The company’s erosion accelerated after it relocated. Our former address huddled on a post-industrial Dickensian street. Vacant factories and junk yards hemmed us. Urban renewal compelled our move.
We carried ourselves farther up the Connecticut Gold Coast into twee New England; the John Marquand New England of narrow church spires, lush commons, and old clubby Yankee money. Instead of driving through blight to reach us, visitors now continue on beyond the yacht club — and beware of the crossing stags and wild turkeys!
Where we once ran over rats, we now brake for geese.
The move precipitated Esme’s departure. Which begat Loca and Fea occupying her spot. They’ve never suitably filled her seat.
Ambition was Esme’s problem. She studied, assessed the situation logically, then took reasonable action. Unfortunately, she hadn’t factored Blowhard’s recoil. Nor his illogical blowback.
As stated before, Mugwump, a family company lacks capable succession. Without foreseeable working brains, the bloodline, his business, ends with Blowhard. Loca and Fea have done nothing in their respective five decades to prove themselves ready at all. Blowhard must know this better than Esme, he being their father as well as boss. Nonetheless an inexplicable denial permitted him to let Esme go.
I imagine he assumed with the company’s future riding on them his girls would cast off their lifelong irresponsibility and ably shoulder the birthright burden. Any signs this just might happen quickly revealed they only acclimated themselves to their new surroundings. After their initial worries dissipated, that an adult would suddenly appear to keep them in line, they surrendered wholly to their basest impulses.
The Mugwump countdown clock began racing when petty grievances became full-throated shouting matches. And petty grievances have arisen daily.
During these eruptions they said, and a little later did, whatever could shred the other most. Détente never crossed their minds. In these rages they broadcast secrets about themselves; the sort of flaws difficult to admit to one’s self, much less yelled among an office of coworkers. But these girls have no senses of propriety. What rational people would conceal to the death, they relish spewing.
The first time Loca and Fea exchanged rants told even the mildly observant everything he or she needed knowing regarding new office dynamics and comportment. Aptly enough, five years and counting of continuous crossfire began where it ought have ended — outside Blowhard’s door. He held two hammers by which to reflexively smash such tantrums. All who weren’t Mugwumps believed he‘d use one or both cudgels.
We were wrong.
Instead of emerging enraged from behind his desk, he remained aloof, almost using his office as refuge. As employer and father, Blowhard could’ve stopped Loca and Fea. He chose neither to threaten each nor dismiss one or the other outright. Their getting off scot-free escalated further rude excesses. The girls knew it. Aghast, we understood it. What no one could guess was the insane length and depth they’d drive their conflict.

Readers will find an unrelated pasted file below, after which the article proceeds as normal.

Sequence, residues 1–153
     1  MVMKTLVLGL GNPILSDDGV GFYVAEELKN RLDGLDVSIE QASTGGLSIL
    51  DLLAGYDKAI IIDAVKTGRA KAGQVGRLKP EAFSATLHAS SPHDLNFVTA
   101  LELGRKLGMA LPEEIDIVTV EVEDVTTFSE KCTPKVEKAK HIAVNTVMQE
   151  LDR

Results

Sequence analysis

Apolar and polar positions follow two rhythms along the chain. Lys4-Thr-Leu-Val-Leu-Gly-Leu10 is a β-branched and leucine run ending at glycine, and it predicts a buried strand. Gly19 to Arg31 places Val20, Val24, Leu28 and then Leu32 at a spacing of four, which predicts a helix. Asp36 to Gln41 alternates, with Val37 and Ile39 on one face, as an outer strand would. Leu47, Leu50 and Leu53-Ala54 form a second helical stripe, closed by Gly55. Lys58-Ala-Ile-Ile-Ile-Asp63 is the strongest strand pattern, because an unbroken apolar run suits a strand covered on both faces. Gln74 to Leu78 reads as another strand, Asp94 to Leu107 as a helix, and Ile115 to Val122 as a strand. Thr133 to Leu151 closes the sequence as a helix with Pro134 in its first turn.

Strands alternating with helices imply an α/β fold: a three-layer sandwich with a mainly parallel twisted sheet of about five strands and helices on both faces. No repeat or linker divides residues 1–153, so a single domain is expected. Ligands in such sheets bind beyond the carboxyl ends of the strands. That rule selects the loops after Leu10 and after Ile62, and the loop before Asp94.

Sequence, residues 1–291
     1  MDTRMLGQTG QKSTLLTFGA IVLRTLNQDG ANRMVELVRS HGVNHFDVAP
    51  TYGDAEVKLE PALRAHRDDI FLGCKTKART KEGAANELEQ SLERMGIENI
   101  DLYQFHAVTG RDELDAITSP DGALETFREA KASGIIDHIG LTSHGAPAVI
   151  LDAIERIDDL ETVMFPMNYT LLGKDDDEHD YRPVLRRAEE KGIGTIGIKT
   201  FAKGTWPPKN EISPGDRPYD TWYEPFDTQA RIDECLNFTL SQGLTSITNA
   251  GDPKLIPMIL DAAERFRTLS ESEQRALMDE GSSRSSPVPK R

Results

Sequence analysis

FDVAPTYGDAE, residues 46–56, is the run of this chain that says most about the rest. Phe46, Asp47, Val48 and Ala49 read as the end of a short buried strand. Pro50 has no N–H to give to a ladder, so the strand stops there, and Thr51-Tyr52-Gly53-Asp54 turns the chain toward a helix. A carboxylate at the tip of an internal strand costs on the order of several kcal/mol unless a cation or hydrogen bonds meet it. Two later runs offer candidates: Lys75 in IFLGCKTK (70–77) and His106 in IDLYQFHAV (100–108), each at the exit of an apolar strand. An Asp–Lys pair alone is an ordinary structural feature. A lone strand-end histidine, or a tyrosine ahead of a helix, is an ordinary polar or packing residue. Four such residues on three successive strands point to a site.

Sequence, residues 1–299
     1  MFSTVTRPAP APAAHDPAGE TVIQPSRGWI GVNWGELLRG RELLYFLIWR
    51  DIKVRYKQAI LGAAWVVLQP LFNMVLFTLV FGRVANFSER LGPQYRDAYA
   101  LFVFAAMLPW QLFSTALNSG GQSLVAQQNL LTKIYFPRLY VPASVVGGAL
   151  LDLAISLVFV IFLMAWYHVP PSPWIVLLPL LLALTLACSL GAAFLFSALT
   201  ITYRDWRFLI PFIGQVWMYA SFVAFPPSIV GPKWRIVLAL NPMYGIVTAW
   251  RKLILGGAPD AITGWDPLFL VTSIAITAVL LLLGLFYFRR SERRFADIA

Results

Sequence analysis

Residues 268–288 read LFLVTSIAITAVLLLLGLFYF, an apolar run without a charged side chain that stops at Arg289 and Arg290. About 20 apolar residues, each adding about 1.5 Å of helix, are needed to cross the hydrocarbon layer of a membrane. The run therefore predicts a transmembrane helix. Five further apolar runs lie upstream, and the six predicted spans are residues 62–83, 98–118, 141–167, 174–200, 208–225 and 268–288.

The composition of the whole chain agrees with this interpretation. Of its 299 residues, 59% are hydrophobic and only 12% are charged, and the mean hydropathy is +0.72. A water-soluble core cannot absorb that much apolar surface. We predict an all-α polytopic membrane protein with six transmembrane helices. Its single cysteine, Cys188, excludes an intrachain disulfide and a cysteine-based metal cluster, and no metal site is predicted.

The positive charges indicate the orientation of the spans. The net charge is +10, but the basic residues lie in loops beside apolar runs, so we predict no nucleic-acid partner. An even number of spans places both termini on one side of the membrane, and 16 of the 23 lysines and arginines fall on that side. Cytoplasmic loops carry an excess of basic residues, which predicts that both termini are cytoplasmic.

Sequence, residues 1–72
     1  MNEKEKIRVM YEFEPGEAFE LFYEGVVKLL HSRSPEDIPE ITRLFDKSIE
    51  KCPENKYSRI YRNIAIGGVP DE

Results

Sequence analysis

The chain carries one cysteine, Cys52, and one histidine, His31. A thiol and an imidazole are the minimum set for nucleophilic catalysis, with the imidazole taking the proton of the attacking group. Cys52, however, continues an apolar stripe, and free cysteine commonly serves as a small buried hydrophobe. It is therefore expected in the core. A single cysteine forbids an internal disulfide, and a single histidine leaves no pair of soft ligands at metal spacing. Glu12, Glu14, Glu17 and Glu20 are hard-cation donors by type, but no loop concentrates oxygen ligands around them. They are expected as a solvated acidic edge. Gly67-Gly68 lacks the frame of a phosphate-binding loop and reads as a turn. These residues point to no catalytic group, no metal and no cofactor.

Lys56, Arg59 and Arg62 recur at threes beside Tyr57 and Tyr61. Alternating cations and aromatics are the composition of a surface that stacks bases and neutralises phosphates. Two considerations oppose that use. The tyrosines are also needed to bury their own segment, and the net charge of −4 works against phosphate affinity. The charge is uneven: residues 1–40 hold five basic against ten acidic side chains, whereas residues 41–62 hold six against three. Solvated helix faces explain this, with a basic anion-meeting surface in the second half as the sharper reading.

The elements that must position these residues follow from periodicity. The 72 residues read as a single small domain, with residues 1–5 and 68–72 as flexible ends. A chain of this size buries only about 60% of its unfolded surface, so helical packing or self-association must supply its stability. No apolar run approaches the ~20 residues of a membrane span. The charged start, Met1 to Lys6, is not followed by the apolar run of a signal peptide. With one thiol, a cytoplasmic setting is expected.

When the two weren’t ripping one another, they lashed at Perdu. Their deceased sister Borracha. Or spoke scurrilously about themselves. Neither can keep secrets. They lack reserve. Trespasses sensible people try burying under concrete slabs instead well until the escapades pop from Mugwump mouths.
One needn’t ask. Just wait. An eclipse is their notion of sunshine.
Until she found out the hard way, Perdu conversed somewhat openly with either Mugwump girl. What she considered between her and the listener quickly lost its exclusivity and became open derisive fodder.
Borracha never received favorable mention from her sisters. She’s dead and they kill her memory at every chance. Jealousy? Still!?
Although Loca had been the family’s robust, eye-catching, golden blonde, Fea once the vivacious daughter, Borracha managed subtle attraction. She was fair-complexioned. Even more so when skin contrasted against her black hair. Nowhere near as athletic as Loca nor as frenetic as Fea, she came across as composed, almost pensive. Probably from her eyes, which unlike her sisters’ neither burned nor narrowed into slits.
Borracha also had the best figure. She also had a better fashion sense than the other Mugwump girls. Her outfits didn’t clash on their wearer. Gone now for 12 years, I wonder how she would’ve aged. Probably with greater grace than Boudicca and Nike.
Years of self-inflicted abuse are finally catching up with Loca. For the longest her heavy alcohol consumption and cocaine usage faintly registered. Supple skin disguised subterranean wear and tear. Hardly indistinguishable from the woman I first met 24 years ago, she only stopped glowing under the double whammies of plummeting business and declining mother.
Loca dealt with both by ramping up her boozing and bumping.
The tanned and long-limbed Fea of the 1990s, a lively woman I helped move from the Hamptons to her matrimonial Gold Coast beach bungalow, is a ghost. In her current incarnation she’s a tub of shit on stilts. A bad club fighter’s face sits beneath a rusty mop of curls. Sagging begins at her forehead. The formerly smoky voice became a rasp, her laughter a rock grating upon a washboard.